town of Biyala Rafka had been slaughtered. Maybe they 
           knew that his dream one day to come to America, to 
           raise a future U.S. Ambassador to Belgium, had nearly 
           been extinguished along with the future for so many 
           Poles and Catholics and Jews.
     Maybe they knew in 2001 that our citizens had been the 
           victims of terror and remained under threat.
     Whenever they served, wherever they served, they knew we 
           needed someone to help, to respond, to free, to save, 
           to protect.
     And they said, ``I will.''
     We commemorate Memorial Day never to forget the face of evil.
     We welcome all into the brotherhood of man. We will meet you 
           far more than half way. We and our allies will send our 
           diplomats, help feed your poor, and treat you with 
           respect. But threaten none, harm even fewer,
     We commemorate Memorial Day never to forget.
     Never to forget what they died for.
     Can you hear them each and every one of the 5323 buried here 
           and the tens of thousands buried elsewhere . . .
     Can you hear them?
     If not, it is because you are listening with your ears.
     But on Memorial Day, we listen not with our ears, but instead 
           with our hearts.
     And with our hearts we can hear them loudly and clearly.
     They tell us that they lived in a country that believed in 
           freedom and understood right from wrong.
     And they tell us that they believed in service, in duty, in 
           the mission of creating a better world.
     They tell us never to forget, but certainly to move forward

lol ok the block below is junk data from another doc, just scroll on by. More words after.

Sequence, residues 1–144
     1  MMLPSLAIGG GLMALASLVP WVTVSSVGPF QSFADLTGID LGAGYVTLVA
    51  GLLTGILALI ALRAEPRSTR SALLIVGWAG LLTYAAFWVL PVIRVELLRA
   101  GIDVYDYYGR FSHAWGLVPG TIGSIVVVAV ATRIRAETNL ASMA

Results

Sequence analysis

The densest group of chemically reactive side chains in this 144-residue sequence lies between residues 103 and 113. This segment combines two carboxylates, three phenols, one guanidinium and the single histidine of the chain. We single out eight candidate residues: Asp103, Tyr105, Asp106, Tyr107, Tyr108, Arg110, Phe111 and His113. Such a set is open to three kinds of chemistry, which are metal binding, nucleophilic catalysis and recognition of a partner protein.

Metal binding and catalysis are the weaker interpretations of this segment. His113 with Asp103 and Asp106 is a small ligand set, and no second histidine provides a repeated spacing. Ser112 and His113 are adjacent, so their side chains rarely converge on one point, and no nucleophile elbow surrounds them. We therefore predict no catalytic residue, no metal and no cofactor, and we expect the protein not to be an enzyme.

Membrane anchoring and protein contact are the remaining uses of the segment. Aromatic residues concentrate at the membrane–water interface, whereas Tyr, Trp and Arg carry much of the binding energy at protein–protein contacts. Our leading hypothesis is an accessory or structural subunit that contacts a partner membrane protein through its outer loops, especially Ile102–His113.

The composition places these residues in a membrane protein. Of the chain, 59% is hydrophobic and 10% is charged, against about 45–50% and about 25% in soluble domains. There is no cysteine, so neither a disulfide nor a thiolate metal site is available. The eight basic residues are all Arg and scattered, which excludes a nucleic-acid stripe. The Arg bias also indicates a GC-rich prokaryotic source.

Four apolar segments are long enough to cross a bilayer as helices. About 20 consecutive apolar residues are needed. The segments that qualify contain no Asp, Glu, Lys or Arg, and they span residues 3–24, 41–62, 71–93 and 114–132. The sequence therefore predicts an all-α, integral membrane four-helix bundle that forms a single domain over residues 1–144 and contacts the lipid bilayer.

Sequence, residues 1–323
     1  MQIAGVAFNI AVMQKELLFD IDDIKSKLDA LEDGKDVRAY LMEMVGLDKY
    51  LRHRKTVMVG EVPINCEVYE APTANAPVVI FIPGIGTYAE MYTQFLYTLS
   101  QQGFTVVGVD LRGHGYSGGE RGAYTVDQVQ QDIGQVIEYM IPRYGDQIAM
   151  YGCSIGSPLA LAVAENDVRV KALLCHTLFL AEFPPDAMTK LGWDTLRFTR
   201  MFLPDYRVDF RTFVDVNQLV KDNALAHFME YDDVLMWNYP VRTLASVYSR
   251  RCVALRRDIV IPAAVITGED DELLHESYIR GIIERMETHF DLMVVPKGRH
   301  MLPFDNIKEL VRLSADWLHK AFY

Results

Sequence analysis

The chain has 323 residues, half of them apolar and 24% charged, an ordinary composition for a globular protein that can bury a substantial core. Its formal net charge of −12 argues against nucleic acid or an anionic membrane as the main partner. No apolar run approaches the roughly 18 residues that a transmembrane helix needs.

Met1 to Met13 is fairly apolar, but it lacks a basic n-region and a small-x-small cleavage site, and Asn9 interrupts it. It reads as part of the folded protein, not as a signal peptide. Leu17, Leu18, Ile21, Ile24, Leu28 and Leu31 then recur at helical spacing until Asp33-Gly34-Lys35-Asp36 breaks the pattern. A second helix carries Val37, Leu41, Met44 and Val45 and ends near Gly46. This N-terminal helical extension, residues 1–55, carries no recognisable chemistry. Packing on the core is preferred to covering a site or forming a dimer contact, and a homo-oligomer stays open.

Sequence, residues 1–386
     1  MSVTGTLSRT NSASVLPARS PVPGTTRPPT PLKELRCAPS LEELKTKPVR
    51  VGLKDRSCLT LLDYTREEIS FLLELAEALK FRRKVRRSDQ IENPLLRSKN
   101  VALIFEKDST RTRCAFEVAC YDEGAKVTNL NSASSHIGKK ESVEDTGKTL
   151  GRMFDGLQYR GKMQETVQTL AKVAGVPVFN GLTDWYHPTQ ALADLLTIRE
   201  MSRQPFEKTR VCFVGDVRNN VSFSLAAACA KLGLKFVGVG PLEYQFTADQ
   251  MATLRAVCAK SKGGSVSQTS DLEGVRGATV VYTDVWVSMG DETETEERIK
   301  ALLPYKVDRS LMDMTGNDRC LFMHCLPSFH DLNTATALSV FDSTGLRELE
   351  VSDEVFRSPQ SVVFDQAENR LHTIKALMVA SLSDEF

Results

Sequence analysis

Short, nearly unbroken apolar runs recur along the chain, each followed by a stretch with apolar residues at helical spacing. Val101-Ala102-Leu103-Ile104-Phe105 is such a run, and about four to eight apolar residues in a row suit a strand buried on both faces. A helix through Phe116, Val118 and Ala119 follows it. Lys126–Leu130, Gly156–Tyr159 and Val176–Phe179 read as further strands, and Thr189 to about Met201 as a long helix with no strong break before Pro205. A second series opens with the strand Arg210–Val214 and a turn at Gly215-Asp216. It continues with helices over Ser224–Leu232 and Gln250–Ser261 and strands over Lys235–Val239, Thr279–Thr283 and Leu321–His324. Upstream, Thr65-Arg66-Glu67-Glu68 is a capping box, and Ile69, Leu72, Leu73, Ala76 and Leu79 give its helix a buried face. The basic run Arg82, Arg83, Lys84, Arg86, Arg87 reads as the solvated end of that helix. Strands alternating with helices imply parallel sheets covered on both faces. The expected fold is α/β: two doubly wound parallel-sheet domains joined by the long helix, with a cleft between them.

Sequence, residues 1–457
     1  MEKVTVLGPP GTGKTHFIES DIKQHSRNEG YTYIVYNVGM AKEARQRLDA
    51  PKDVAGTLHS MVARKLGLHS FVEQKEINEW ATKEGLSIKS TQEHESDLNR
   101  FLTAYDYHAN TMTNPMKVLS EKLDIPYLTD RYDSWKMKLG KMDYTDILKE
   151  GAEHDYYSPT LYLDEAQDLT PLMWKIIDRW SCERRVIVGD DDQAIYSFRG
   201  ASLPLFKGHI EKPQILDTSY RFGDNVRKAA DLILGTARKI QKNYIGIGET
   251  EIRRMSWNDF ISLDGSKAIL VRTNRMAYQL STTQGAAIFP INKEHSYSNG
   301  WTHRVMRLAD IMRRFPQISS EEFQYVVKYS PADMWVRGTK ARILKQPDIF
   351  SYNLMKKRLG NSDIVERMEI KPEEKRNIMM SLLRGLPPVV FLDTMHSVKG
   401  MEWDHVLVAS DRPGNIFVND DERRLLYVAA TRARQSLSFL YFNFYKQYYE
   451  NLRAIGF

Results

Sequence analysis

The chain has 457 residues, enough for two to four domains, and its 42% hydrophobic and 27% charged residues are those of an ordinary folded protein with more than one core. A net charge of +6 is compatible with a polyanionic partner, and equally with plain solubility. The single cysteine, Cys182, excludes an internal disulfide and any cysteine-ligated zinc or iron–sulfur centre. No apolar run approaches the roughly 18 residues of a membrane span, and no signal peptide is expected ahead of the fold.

and build bridges where pools of hatred previously 
           existed.
     They fought and they died to move us a step closer towards 
           the brotherhood of man. We must never use their memory 
           as an excuse not to get there.
     Thus while we can never forget, while we will never forget, 
           we will forgive those who have followed. Where we faced 
           each other to the death, we will walk together to 
           rebuild a better life.
     And that may be the most enduring lesson--lessons for 
           Belgium, for Europe, for the Middle East, or for all 
           places where tensions rooted in the mistakes or ill 
           deeds of the past threaten the progress of the future.
     The lessons are that we need not carry the blame nor clear 
           the name of our parents and grandparents looking back.
     Rather that we build a better name for our children and our 
           grandchildren going forward. That we must use the 
           lessons of the past to carve a better future.
     We are so used to the expression ``Forgive but don't 
           forget.'' And of course Memorial Day proclaims that we 
           shall never forget.
     But in making sure we don't forget, sometimes we don't truly 
           forgive.
     We commemorate Memorial Day never to forget precisely so that 
           we can forgive.
     --Ambassador Howard Gutman